Any issues the Oilers have on their blue-line are offset, but the fact is that they have a pretty decent and relatively young D-corps. Re-signing 25-year-old Darnell Nurse to a two-year, $11.2 million deal in February was good for both sides, considering the current uncertainty.
“You want to be good on ‘D’ and I think we are good — and deep — on defence,” Holland said. “And we have some youth coming. Dmitri Samorukov is a prospect. (Evan) Bouchard, (Fillip) Broberg are prospects. Even Ethan Bear and Caleb Jones (both 22) are still young… Nurse is still 25. Klef (Oscar Klefbom) is 26. It’s a relatively young D-corps.”
In fact, Holland’s two cap issues are both on his third pairing, as pending RFA Matt Benning will need a raise from his current $1.9 million wage (but how much?), and veteran Kris Russell has one more year left at $4 million. The problem solver would be to move Russell, who is still every bit a third-pairing NHL defenceman but is clearly over-paid in that role.
Bear is coming out of his entry-level contract and has little bargaining power. But if you were ranking rookie D-men from the 2019-20 NHL season, he would make the top five. As for Green, he is now a $1.5 million player who the Oilers would likely consider bringing back at somewhere around that number.
But this is how things work: If Russell’s money stays on the books there will be no Green, and even Benning will feel the pinch in his negotiations with, at best, a flat cap expected.
Bear will get paid, but not as handsomely as he would if he had arbitration rights. Not to worry — he’s 22, and will have a few more turns at the bargaining table with much more clout.
In the court of public opinion, Mikko Koskinen’s play last season moved his contract from the category of “grossly overpaid” to “do it again for $4.5 million and we’ll stop complaining about this deal.” In many of his starts he looked very much like a $4.5 million goalie, and Koskinen is under contract for two more seasons at that number.
Smith earned bonus money on top of his $2 million deal, and he is a UFA at age 38. The two gave Edmonton a tandem that was more than sufficient, and we’ll guess the Oilers would love to have Smith back — but at no more than his $2 million base from last season.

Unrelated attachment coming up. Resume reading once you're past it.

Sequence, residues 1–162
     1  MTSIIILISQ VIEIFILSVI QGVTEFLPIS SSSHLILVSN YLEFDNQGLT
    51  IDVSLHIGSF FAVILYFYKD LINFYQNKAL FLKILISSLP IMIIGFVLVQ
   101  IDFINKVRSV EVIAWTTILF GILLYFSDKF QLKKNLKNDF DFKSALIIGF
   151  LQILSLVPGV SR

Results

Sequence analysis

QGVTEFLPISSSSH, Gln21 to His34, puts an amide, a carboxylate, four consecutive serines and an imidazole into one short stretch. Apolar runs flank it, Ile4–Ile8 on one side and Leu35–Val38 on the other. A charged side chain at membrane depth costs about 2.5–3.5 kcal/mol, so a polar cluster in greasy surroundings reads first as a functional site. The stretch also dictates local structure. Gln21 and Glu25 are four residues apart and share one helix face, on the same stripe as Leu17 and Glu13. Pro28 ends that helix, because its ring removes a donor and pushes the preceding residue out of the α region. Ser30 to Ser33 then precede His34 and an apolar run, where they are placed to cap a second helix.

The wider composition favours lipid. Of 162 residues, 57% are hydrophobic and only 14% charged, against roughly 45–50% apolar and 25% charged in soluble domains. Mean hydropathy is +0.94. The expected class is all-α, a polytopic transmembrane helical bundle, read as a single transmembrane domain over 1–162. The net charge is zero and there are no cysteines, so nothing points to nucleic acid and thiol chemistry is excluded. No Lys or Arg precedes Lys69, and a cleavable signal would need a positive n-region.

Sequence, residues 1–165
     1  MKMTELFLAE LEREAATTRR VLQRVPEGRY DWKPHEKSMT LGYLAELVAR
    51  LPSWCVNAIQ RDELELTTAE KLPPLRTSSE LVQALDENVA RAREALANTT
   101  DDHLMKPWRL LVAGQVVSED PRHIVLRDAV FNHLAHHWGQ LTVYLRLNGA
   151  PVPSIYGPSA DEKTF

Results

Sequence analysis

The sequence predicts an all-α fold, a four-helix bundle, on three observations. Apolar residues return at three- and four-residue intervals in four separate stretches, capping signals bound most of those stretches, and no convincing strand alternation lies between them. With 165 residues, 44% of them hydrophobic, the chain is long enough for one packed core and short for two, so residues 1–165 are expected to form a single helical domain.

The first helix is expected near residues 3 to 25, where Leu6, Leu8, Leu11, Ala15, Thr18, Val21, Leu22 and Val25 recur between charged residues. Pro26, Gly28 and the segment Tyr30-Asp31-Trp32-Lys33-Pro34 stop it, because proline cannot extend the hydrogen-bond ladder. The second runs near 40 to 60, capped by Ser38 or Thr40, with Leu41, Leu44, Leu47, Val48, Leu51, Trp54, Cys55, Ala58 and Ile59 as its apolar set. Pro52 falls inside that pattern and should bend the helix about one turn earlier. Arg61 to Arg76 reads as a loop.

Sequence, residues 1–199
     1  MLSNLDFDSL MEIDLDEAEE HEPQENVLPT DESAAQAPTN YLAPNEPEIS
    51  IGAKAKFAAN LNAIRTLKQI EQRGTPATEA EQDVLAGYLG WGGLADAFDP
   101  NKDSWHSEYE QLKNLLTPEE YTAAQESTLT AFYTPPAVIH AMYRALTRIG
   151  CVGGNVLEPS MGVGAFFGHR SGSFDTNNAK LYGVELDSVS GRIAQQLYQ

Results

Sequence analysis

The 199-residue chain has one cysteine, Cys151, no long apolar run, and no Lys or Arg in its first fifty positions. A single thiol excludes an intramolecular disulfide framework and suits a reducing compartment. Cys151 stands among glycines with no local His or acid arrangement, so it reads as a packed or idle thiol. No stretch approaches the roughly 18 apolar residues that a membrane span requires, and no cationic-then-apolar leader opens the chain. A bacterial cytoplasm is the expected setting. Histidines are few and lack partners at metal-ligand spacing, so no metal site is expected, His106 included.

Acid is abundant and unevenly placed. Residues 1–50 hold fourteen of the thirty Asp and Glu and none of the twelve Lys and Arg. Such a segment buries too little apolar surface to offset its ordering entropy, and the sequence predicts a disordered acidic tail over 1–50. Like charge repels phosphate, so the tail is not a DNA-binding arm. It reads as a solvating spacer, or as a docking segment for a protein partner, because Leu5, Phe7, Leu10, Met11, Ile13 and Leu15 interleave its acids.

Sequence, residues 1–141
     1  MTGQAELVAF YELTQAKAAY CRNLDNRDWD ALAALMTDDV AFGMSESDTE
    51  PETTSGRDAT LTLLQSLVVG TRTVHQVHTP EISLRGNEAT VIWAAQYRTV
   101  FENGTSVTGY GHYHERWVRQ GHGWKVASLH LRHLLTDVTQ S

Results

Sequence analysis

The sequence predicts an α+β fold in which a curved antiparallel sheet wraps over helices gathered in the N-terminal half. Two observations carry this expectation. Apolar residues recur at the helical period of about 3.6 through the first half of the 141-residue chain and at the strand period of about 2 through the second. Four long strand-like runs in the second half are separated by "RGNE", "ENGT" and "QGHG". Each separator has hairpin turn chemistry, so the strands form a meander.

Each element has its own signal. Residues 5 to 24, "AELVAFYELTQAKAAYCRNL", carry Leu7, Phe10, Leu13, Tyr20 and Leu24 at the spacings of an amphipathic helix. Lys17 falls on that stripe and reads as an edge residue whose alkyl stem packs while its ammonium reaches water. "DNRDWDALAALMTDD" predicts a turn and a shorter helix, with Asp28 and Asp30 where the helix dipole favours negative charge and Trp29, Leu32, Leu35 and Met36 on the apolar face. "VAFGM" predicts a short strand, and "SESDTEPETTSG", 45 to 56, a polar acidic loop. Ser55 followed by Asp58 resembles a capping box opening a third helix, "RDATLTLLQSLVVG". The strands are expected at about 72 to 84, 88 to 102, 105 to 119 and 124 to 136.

Smith’s response would be that the team has nothing in their pipeline that is even close to ready to replace him, so Holland may have to throw some bonus money at Smith to get him back. There is a deal to be made here.
It’s pretty clear: Green, Russell, Benning and Athanasiou will not all be in the Oilers opening night lineup next season, whenever that may be. Can Holland move Russell, and retain a bit of salary, to a team that needs what he brings? Possibly.
But the good news is, if Russell plays out his deal in Edmonton, he will contribute as a bonafide third-pairing defenceman whose value to his teammates is forever underestimated by the Fancy Stats set. There are worse problems to have.
All in all, Edmonton is tight on the cap to the extent they won’t be players in free agency whenever that season opens. But they won’t be forced to let good players leave either, which should allow last year’s playoff team to be next year’s playoff team.
“You’re never totally happy,” Holland said of his cap. “I analyze the way our team played — second in our division and fifth in the West in overall points — I’m happy with the way we took a step in the second half, the last 30 games. We had Connor and Klef go down inside those last 30 games and we had guys step up internally, which is a really good sign.”
The Oilers are a good team. Getting better, in a flat cap scenario, will have to happen from within.